I am in the process of preparing a 'Survival Guide' for those who plan to visit Buenos Aires. I will publish this on my blog for those who are interested in following my footsteps, or know someone who does.

La Rural, tango and leaving Buenos Aires

29 Aug 2007

The morning light is thin through the rain. A queue snakes from Plaza Italia out along Avendia Santa Fe towards Palermo. Men and women huddle under umbrellas giving the appearance of a long string of coloured beads. Closer, you see a combination of anticipation and resignation on the wet faces that wait whilst drops of water drip from the hoardings alongside 'La Rural'. We are standing for tickets. The mate´ seller has just wheeled his cart festooned with silver thermos flasks, each with a painted top to indicate its contents. For 2 pesos (17pence) I have bought a cup of sweet white coffee to stave off early morning hunger and cold. A small man in a thin, wet jacket, holding a fist full of pieces of paper, painstakingly hands a sheet to each person who will accept. It bears a poem about tango and love and loss in rain smudged typing that reminds of a tear stained love letter. The old man in front of me hands him a peso and pushes the sheet deep into his coat pocket. The queue starts to move, hesitatingly at first, then more quickly as I measure our progress against the second hand book kiosks that are opening on the centre island of Santa Fe. After 30 minutes a man dwarfed in an official jacket bearing the word 'Seguridad' directs me to an adjacent booth, and I now have my two tickets for the competition final in Salon Tango of the 5th World Championships. Stamping my cold wet feet I head off with other successful travellers for the subte and back to the city centre.

It is now 6.30pm. Stephanie, who has come to rescue my tango and sanity and I are the 39th and 40th in a queue which will reach 1000 or more. The atmosphere is so different tonight with thrill and excitement on the waiting faces, the grey morning figures replaced by couples and families who laugh and chat together. With a further flurry of rain, the first 150 people are admitted to wait in La Rural, a huge complex of inter-connecting halls and exhibition spaces. By 7.30 pm we secure our un-numbered seat on the massive tower of steps overlooking the stage. Here 1500 of us huddle together, our feet almost touching the bottoms of people in front. Those around us are drinking mate´and eating empanadas and cakes, laughing and pressing together like a single organic pulsating being. A slow hand clap from the good humoured sections way above us forces the show into action. The presenter announces the start of the final competition. Ripples of applause cascade out along the the stands. The first ten of forty competitors walk from the wings towards the stage. These are dance finalists that you would never have expected. There, tall amongst the first group, are Daria and Nikolaeva ( ), the Russian pair we ate pizza with after the show tango semi-finals. They look sophisticated and elegant. Behind are a couple from Colombia, both under 5' tall and dark, her skirt slit to the thigh, and in front two ordinary Portenios from the barrios of Buenos Aires who look as if they have just stopped off for a break on their journey home from work. Her plain skirt is fawn and his suit is baggy round the knees. But on stage, each of ten couples at a time dance themselves and the audience into small dreams.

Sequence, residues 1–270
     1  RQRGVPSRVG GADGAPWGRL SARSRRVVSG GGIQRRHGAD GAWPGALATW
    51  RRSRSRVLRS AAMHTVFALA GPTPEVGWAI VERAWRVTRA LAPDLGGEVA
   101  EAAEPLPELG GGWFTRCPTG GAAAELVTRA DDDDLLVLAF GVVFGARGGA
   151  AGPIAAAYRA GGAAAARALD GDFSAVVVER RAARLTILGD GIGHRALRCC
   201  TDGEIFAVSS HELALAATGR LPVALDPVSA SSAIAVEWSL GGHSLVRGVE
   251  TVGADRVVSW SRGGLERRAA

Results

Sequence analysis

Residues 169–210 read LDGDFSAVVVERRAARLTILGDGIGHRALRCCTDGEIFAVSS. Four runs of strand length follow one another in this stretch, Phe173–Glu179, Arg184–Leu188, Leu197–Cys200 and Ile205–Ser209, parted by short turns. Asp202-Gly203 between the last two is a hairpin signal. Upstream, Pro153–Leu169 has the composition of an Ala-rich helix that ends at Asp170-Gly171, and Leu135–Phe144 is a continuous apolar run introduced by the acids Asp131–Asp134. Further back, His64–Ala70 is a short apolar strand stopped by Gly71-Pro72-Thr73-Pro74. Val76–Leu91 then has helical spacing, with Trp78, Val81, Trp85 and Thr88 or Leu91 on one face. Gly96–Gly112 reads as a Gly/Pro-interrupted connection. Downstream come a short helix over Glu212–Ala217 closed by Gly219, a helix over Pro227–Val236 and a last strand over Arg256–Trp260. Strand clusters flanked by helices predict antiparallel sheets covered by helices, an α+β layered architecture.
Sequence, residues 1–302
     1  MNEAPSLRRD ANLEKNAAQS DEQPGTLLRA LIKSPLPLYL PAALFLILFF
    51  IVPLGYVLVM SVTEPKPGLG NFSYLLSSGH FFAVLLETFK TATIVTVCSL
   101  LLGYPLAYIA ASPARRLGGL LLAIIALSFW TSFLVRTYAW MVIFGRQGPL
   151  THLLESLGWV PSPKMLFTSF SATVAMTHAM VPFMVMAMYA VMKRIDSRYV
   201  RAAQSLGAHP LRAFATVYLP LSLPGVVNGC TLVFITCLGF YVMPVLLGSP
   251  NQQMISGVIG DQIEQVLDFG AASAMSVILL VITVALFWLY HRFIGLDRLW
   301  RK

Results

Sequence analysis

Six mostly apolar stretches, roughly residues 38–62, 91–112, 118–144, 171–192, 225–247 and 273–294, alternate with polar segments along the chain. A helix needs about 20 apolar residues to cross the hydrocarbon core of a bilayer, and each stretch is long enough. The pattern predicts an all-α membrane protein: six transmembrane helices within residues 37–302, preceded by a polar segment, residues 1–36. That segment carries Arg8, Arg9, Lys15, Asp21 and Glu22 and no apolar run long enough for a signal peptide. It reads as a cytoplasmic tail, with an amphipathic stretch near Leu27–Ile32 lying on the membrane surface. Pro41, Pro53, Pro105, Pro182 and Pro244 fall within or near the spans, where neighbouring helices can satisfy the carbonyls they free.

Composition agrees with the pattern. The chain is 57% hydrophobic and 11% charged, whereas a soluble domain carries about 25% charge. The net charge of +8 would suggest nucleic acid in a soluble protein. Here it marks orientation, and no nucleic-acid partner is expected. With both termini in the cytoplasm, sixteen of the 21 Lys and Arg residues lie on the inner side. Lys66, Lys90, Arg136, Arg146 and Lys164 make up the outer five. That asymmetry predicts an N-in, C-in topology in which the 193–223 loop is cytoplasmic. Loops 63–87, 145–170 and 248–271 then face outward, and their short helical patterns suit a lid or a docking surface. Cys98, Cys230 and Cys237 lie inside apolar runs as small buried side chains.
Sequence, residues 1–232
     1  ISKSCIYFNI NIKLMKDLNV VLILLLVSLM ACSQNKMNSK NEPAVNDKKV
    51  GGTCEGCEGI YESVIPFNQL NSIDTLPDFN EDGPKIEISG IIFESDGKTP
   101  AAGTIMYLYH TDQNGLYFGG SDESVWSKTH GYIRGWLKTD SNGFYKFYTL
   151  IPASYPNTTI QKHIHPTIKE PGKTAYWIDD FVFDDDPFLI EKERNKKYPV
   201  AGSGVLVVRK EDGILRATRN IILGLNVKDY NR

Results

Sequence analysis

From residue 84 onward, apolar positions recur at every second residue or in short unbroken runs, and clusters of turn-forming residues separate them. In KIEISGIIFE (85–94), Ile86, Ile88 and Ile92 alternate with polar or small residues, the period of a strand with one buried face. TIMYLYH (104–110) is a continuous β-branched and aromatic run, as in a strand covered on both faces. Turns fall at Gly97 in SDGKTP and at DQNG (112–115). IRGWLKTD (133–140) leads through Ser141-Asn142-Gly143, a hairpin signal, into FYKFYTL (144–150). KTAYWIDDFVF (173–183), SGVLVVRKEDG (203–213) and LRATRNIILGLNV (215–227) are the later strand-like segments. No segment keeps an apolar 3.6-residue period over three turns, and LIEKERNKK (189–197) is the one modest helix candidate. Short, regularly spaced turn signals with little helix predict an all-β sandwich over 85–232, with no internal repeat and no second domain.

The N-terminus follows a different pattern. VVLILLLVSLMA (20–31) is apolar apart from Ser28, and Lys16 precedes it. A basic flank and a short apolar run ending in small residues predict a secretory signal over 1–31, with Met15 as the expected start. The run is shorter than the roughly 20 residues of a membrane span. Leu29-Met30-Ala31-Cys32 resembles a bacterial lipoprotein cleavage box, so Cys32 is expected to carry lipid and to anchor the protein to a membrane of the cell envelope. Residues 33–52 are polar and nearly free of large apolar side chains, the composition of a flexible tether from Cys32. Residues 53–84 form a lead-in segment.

The judging criteria for Salon Tango is strict. No showy steps, ganchos, lifts; no separation from the embrace; lots of contact with the floor; moves you would commonly find in the milonga, with the emphasis on walking, the hold, respecting space and re-creating the romantic contact of two dancers moving as one. Our Russian friends and the Australian couple from Sydney stand out as elegant and stylish against the preferred earthy style of the barrios. Back to the drawing board next year for them. We look with awe as a couple in their sixties slowly circle the floor. They have been dancing for over forty years together and relax, waving to friends in the audience between dance pieces. As the rounds unfurl, interlaced with tango bands, an exhibition from last years winners and a short film about tango, an unprepossessing youth in a grey work suit catches our attention as he dances with a girl in a simple black dress. His dance style is forward, his knees slightly bent. Their heads touch as they dance. Their turns slowly evoke an age of romance. I push a handkerchief manfully across my eyes to hide from Stephanie my tears of emotion as I watch transfixed by a sudden feeling of intimacy and heart-rending loss. Two hours later they will be the 5th Champions of the World, having lifted into ordinary life a simple dance of perfection, joy, movement and connection.